The Government of the United States has issued the first gender-neutral passport marked with an X, it was announced Wednesday.
Authorities expect the option will become available for both travel documents and birth certificates of Americans abroad by early 2022.
The new documents are a milestone in the struggle for the legal rights of people stigmatized by binary labels of either male or female.
I want to reiterate, on the occasion of this passport issuance, the State Department's commitment to promoting the freedom, dignity and equality of all people, including LGBTQI + people, said State Department spokesman Ned Price in a statement.
Secretary of State Antony Blinken had promised to address this issue in June, once some technological hurdles were resolved. Also under Blinken, the State Department allowed US passport holders to select their sex.
Under previous regulations, Americans needed a medical certificate to mark on their passports a gender that differed from that on their birth certificates.
The US special diplomatic envoy for LGBTQ rights, Jessica Stern, called the measures historic while affirming that they bring government documents in line with the lived reality that there is a broader spectrum of sexual characteristics. When a person obtains identity documents that reflect their true identity, they live with greater dignity and respect, Stern said.
The first X-gender passport has been issued to Dana Zzyym, an intersex Colorado resident and former Navy veteran who has been in a legal battle since 2015. Zzyym (pronounced Zimm) had been denied a passport for not marking male or female on an application. According to court documents, Zzyym wrote intersex above the boxes marked M and F and requested instead of a gender marker X in a separate letter.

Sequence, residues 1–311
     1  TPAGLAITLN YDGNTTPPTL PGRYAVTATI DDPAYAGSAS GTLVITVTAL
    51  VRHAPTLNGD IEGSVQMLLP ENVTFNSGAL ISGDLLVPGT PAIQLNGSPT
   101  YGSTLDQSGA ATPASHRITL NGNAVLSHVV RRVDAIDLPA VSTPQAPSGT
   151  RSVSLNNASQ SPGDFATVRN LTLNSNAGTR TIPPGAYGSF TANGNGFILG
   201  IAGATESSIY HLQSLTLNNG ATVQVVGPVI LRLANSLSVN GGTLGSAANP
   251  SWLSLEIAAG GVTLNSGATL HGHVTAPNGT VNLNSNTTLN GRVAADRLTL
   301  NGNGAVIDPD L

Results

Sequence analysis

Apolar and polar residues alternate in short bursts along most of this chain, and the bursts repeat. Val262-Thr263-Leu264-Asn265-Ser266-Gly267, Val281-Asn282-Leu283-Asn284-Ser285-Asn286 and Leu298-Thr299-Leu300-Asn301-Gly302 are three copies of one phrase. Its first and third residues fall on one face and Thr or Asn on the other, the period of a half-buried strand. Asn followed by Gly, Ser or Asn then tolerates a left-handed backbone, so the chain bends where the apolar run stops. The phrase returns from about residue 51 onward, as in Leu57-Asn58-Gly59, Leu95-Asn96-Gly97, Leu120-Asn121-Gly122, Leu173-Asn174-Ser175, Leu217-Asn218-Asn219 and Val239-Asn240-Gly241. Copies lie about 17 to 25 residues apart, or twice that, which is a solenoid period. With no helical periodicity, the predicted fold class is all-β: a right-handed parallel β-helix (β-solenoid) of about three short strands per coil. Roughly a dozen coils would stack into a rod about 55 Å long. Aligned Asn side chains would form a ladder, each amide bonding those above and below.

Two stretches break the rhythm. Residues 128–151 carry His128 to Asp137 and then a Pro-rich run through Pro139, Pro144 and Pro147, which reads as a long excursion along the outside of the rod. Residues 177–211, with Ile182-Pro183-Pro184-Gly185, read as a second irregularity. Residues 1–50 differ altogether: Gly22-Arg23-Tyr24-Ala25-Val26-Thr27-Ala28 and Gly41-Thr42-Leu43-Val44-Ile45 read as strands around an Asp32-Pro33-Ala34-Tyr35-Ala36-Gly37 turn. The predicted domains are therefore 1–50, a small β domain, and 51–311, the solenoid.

Zzyym was born with ambiguous physical sexual characteristics but was raised as a boy and underwent several surgeries that failed to make him appear fully male, according to court documents. Zzyym served in the Navy as a male but later identified as intersex while working and studying at Colorado State University. Without a passport, Zzyym was prevented from travelling to a meeting of the International Intersex Organization in Mexico.
At least 11 other countries already have X or other options on passports, according to the Employers for Equality and Inclusion Network, a London-based advocacy group. These countries include Canada, Germany and Argentina, as well as India, Nepal and Pakistan, a legacy of the historical South Asian concept of “hijra”, which refers to a third gender.
Zzyym said in a statement issued by the Lambda Legal law firm which had been handling the case that “I almost burst into tears when I opened the envelope, pulled out my new passport, and saw the ‘X’ stamped boldly under ‘sex’.”
“I’m also ecstatic that other intersex and non-binary US citizens will soon be able to apply for passports with the correct gender marker,” Zzyym added.
“It took six years, but to have an accurate passport, one that doesn’t force me to identify as male or female but recognizes I am neither, is liberating.”
Stern also said her office was planning to discuss the country’s experience in making the changes to passport gender markers to help other governments around the world do the same.